1. Leopards: Known as the primary predator of baby gorillas, leopards can leverage their agile nature to prey upon young gorillas, who are unable to fend off an attack.
  2. Humans: Surprisingly, humans pose a substantial threat to baby gorillas. While these gentle giants are not commonly hunted for meat, they can fall victim to traps set for other animals, resulting in severe injury or death. Additionally, the illegal activities of poachers, who target gorillas for various body parts, such as heads, hands, or feet, can bring devastating harm to these vulnerable creatures.

Thankfully, the strong bond and protective nature shared between adult gorillas and their babies help mitigate these threats, ensuring the continued survival of this amazing species.

3: Gorillas and Their Babies Live in Families

Gorilla families, often referred to as bands or troops, are made up of around thirty members. These families function similarly to small villages or extended human families. Baby gorillas can decide to remain with their birth family as they grow older, while others may venture out to join new troops upon reaching adulthood. Within these families, adult males are categorized as silverbacks, whereas younger males are known as blackbacks. The close-knit relationships in gorilla families are a fascinating aspect of their society.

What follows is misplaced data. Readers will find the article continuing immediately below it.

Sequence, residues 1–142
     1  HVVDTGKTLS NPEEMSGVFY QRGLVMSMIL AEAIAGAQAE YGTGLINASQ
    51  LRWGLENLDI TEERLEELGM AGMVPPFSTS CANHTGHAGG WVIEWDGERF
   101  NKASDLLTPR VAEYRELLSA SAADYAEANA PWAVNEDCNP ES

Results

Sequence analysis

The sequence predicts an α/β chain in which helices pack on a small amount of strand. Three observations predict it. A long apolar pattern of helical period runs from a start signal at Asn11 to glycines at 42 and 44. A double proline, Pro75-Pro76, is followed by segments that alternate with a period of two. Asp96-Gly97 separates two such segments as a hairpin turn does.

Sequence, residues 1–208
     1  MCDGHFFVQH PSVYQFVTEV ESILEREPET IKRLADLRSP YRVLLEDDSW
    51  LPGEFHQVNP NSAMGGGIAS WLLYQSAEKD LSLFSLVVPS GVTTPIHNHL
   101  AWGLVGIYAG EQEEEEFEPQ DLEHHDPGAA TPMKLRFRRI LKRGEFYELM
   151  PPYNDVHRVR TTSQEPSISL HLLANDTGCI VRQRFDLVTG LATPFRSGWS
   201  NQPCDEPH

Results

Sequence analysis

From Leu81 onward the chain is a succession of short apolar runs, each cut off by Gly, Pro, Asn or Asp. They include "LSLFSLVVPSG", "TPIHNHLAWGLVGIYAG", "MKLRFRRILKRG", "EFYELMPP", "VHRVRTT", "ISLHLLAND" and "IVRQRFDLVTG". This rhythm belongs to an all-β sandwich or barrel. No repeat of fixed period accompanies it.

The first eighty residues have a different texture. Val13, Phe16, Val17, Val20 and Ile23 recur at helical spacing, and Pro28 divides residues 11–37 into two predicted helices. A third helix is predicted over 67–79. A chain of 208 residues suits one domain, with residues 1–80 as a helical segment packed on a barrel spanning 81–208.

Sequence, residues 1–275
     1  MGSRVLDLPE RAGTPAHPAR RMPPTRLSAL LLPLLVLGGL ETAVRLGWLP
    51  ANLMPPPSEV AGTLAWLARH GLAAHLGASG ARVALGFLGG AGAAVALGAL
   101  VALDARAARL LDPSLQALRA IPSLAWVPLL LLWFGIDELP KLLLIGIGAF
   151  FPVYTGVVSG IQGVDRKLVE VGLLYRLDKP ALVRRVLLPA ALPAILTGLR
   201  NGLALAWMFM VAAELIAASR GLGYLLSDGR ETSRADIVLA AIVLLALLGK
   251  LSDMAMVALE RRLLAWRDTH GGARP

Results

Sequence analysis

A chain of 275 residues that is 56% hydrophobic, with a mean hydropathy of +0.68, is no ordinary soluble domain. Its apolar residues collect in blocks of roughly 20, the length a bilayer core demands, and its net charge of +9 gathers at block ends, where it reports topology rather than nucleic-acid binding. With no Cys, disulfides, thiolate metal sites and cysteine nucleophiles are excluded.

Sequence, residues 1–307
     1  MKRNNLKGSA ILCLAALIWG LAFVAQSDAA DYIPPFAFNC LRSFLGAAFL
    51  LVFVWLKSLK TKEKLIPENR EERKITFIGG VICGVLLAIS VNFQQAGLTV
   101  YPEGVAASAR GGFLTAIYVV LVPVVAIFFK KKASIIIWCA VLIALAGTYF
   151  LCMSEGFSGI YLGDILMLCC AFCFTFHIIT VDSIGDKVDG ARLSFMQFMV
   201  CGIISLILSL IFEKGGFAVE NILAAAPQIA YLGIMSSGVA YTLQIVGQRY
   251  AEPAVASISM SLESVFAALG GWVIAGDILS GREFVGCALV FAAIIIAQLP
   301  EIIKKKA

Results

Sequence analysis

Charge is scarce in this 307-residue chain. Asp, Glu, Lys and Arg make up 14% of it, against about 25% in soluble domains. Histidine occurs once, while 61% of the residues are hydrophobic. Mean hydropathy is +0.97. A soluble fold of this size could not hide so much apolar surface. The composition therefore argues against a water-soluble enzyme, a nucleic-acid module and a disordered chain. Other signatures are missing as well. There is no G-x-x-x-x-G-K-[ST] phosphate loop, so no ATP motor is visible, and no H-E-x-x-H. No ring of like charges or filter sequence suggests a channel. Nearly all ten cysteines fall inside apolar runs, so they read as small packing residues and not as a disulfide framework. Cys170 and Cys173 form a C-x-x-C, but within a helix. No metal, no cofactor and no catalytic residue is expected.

Gorilla Twins: A Fascinating Rarity

Occasionally, female gorillas give birth to twins, making them an intriguing aspect of gorilla families. In fact, twin gorillas occur at a similar rate to human twins, emerging in approximately one out of every ninety pregnancies. These adorable siblings can either be of the same or opposite sexes.

The Remarkable First Captive-Born Gorilla: Colo

On December 22, 1956, a historic event took place at the Columbus Zoo in Ohio: the birth of the first-ever gorilla in captivity. The adorable baby gorilla was named Colo by the dedicated zookeepers. Since his parents lacked the necessary parenting skills acquired in the wild, Colo was lovingly cared for in a special nursery by the zookeepers themselves.

Colo’s legacy didn’t end there; she became a great-grandmother to the first gorilla born through successful artificial insemination. The captivating image featured at the top of this article is © Jurgens Potgieter/Shutterstock.com.